Saturday, May 10, 2008

Edmonds levy would buy schools laptops

Laptops, carpet and mobile computer labs in south Snohomish County schools are on the line in the May 20 election. Voters in the Edmonds School District will decide the fate of a technology and capital facilities levy that would replace a levy that expires this year.

The proposed $31.5 million levy is expected to cost residents 28 cents per $1,000 of their property's assessed value. The owner of a $400,000 home would pay $112 each year.

The expiring $44 million levy cost voters 52 cents per $1,000 of the assessed value of their property.

The new levy would help replace outdated computers and buy laptops for classroom use, said Cynthia Nelson, director of technology for the Edmonds School District. The state usually doesn't pay for computers, so most districts buy their computers with levies or grants, she said. Every school in the district has at least one mobile cart of laptop computers that is wheeled into classrooms so students can use computers in their room instead of having to work in a computer lab. Additionally, around 30 percent of the classrooms in the district have a set of seven laptops for classroom use.

Most of the computers were bought in 2004, with funds from the previous technology levy. Nelson said many are having issues and need to be replaced. "We've done a lot of work to pretty much bring the Edmonds School District into the 21st century -- and renewing this levy will allow us to continue that good work at an even lower tax rate than we're currently running," she said. "It is pretty amazing if you talk to a lot of teachers, they're not real sure how they could go back to the old way of doing things."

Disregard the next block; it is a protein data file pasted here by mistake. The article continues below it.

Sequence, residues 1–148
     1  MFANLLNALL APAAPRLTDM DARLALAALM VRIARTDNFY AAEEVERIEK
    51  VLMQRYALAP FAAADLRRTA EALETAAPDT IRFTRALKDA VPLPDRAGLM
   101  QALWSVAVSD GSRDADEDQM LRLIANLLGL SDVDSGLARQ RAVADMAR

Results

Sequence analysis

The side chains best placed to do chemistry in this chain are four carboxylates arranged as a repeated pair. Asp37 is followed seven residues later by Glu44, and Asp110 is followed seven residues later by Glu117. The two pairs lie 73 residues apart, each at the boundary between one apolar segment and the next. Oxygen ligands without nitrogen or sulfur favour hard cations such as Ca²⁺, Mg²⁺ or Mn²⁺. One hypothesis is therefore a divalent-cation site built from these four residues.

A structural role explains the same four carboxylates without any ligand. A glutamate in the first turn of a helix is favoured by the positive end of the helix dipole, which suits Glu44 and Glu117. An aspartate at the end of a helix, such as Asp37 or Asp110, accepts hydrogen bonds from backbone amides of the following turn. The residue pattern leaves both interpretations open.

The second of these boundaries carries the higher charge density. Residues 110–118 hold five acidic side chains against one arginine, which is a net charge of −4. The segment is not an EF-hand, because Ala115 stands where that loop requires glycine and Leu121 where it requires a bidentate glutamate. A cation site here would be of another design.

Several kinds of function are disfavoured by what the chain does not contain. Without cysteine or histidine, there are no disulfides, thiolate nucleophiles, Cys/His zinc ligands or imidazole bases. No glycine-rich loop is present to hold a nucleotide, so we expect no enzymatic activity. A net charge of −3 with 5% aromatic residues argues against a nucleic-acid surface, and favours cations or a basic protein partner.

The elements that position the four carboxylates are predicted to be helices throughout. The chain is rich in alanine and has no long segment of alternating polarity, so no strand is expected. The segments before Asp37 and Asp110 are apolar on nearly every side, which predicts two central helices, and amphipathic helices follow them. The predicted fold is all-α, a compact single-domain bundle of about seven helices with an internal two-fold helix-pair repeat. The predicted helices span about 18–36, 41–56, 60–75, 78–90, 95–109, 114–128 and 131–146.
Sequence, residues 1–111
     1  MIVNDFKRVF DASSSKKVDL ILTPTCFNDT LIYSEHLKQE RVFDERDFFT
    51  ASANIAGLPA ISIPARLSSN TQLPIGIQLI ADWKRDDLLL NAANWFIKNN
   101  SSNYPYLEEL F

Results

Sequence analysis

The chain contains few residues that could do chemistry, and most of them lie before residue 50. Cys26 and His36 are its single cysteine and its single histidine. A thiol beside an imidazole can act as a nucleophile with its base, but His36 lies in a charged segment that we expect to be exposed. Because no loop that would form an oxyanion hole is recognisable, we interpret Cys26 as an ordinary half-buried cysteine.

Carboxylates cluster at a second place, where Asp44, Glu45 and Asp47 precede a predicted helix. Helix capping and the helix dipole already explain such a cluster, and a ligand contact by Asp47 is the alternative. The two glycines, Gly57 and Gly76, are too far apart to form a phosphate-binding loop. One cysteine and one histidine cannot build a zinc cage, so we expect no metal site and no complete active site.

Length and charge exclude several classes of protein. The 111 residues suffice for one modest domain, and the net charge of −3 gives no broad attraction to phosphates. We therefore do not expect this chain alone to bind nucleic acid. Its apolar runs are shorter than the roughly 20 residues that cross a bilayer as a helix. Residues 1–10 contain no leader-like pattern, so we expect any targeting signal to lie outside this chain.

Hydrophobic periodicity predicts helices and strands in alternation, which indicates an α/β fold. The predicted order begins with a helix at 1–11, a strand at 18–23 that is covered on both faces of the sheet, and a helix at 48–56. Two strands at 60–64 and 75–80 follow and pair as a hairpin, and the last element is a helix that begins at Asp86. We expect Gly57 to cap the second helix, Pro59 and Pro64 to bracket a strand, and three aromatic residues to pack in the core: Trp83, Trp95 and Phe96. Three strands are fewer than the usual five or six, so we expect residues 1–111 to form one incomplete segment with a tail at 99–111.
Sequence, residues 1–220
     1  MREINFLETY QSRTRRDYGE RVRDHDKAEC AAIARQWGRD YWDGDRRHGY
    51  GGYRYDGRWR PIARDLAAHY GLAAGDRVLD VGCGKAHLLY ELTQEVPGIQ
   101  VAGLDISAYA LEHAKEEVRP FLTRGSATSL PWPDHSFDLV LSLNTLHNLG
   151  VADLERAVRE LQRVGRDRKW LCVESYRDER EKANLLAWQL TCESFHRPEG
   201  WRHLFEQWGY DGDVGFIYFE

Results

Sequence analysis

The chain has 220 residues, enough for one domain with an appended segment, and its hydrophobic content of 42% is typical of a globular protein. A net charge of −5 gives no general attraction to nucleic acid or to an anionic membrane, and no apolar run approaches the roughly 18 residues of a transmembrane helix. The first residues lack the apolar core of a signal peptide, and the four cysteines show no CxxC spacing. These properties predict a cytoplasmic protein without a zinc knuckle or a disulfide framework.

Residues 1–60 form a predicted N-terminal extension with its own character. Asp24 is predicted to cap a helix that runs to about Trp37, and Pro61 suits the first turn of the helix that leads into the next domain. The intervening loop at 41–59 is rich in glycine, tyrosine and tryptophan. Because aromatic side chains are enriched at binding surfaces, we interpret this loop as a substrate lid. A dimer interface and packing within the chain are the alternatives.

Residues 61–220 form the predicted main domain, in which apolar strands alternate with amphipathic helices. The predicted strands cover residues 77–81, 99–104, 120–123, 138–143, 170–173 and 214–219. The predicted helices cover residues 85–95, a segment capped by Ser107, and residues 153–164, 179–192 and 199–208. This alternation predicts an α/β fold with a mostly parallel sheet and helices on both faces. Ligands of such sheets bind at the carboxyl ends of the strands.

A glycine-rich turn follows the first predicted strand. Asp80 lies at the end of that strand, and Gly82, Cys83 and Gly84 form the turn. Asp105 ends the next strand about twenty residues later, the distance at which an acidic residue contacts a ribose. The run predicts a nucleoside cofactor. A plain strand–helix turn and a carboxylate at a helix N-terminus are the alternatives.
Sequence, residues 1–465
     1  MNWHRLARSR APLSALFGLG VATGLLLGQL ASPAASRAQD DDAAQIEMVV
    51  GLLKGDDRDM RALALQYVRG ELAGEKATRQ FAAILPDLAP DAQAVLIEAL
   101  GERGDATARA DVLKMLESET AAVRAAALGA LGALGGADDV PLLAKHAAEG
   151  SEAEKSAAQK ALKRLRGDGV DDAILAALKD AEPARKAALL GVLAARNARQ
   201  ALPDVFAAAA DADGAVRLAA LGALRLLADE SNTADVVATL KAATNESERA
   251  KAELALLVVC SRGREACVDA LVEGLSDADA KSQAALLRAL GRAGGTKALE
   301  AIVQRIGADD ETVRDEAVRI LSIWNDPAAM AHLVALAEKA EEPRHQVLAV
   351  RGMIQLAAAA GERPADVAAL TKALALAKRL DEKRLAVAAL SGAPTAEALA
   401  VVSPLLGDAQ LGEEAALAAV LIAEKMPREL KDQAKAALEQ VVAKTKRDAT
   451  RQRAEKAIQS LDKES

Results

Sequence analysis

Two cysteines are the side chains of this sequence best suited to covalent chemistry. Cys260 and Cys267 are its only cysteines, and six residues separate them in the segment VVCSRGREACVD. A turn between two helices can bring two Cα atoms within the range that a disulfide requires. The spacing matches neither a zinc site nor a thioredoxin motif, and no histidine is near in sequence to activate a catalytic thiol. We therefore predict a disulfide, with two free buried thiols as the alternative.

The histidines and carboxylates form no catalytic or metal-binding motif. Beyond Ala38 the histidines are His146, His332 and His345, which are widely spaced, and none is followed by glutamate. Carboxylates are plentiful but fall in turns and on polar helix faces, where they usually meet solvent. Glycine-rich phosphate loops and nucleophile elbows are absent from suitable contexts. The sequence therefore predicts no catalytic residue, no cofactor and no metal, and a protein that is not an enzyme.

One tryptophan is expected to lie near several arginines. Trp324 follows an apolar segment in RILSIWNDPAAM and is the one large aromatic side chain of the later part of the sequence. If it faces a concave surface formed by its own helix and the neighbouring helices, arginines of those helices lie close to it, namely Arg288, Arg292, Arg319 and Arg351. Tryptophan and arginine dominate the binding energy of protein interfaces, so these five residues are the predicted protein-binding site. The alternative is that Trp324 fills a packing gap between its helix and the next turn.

The levy would also pay for security system improvements, roofing upgrades and changes to make schools more energy efficient.

There is no organized opposition to the levy, but a few people have criticized it online and in letters to newspapers. Although he thinks technology is important, Edmonds resident Mark Zandberg plans to vote against the levy because he doesn't like the district's management style.

"I think the levy is a fantastic thing," said Zandberg, a former planning and property management specialist for the district. "This community needs that levy to pass. However, the manner in which the district manages those funds, I can't tolerate at all. I'd rather take a hit in the short term."

Read the rest of this article by clicking here.

Kaitlin Manry

Editorial: Gee, what were they expecting the president of Citizens for Schools to say? She is clearly detached from reality if she thinks the District spends money wisely. But then, if I had three kids attending school in the District I might want lots of everyone else's money paying the way - even if a small fraction actually gets to where it needs to go.

5 comments: said...

When did we go over 80,000 page views? I missed it.

Anonymous said...

You know, that’s interesting. I never realized it’s a “Technology and Capital Facilities Levy” until just now. I’ve just been calling it the “Technology Levy”—that’s why I couldn’t figure out how “roofing upgrades” were part of a Technology request. Why doesn’t the district use money from the lease of the current Lynnwood High site to pay for their roofing upgrades? Why do they need more money? Why not use the money from leasing the property across from the Lynnwood Convention Center—or isn’t that pile of weeds bringing in any money?

Anonymous said...

Hey Tracy Greene:
Are you a Christian or just on a straight opiate? You have got to be kidding me. I wouldn't let my kid in the classroom with a person that does not have the ability to recognize danger. You strike me as a tool. We need extra classroom help to double check your work. Just another special levy, that's all.

Anonymous said...

Why is that whenever it is on the defensive, mismanagement is referred to as "management style"? There is no style in being unqualified and incompetent.

Anonymous said...

I agree there must be other ways in which to find the funds to upgrade the roofs. I also feel that if the students need laptops, let the parents supply them. It would be cheaper in the long term for homeowners, and most school property has a very short shelf-life through abuse (if it doesn't belong to you then why should you take care of it?).